This memoir is written about the days that author, Suki Kim, taught English to boys at a university in North Korea where she posed as a Christian missThis memoir is written about the days that author, Suki Kim, taught English to boys at a university in North Korea where she posed as a Christian missionary. (These missionaries were allowed to teach there because the funding for the school itself had been largely from Christian organizations). In doing so, and in being a teacher, Kim was able to provide a look into the minds of the young people who live there.
We already know, (at least if you've done any reading on the topic at all), the ways in which people there are "brainwashed" to believe the things they do and about the ways in which they are cut off from the rest of the world in an almost alternate reality. Interacting with these kids absolutely depicted this exact thing. Kim's goals were to learn and report about this but to also instill in the boys some concept of thinking for themselves and the realization that things weren't as they were raised to believe.
The boys Kim taught were of the "elite" so had better lives and opportunities than the average North Korean which is crazy considering how they were still treated and controlled. Reading this gave me that same tense and anxious feeling I had when reading Orwell's 1984... nightmarish. The things these boys (men, really) believed about their country were ridiculous... basically believing they are the best in so many different ways and how the rest of the world envies them. But the ways they were controlled also was nightmarish. For instance, when construction needed to be done, the government took the kids from the school and forced them to do labor... But even scarier is that the kids would respond with the attitude that they didn't at all mind, as it was for their Dear Leader.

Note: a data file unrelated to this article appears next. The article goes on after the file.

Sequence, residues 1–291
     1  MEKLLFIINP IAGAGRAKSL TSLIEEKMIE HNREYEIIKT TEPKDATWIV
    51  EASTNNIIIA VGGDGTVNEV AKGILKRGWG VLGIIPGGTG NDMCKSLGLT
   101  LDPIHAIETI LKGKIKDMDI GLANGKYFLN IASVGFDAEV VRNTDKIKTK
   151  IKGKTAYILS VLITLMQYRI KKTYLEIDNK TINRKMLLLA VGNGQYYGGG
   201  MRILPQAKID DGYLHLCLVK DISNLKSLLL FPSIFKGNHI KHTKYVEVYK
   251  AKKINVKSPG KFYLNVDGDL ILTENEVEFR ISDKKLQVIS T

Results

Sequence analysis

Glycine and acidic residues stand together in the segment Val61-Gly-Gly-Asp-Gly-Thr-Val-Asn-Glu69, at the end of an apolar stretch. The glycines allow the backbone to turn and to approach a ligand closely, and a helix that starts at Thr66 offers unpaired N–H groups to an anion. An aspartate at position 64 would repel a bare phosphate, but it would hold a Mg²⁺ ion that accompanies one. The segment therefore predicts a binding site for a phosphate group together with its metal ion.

This was a fascinating look at the ways the environment can shape a person. They were all human and had curiosities (to the degree they were permitted, of course) and reading about everything they wanted to know, were learning, and the concepts their life experiences prevented them from grasping was disheartening and heartwarming at the same time. Ugh, there were frustrating feelings while reading this. Sometimes I just wanted to scream or shake people in the book!
I could see some people having issue with the deception that took place as part of Kim doing research for the book. In a way, I did feel for the boys who I did feel were exploited to a degree, as they may never know the truth of their interactions with Kim. Though I do feel Kim's reporting was well done and that she genuinely cared for these kids. It was interesting to see the ways she creatively responded to their questions both to keep herself out of trouble but also to try to enlighten them a little.
I wish there had been more to the ending. But I guess there isn't really more to tell considering the memoir goes through 2011 and nothing has changed in the way things are there. I would be interested, though maybe not possible, to see where these boys are years later.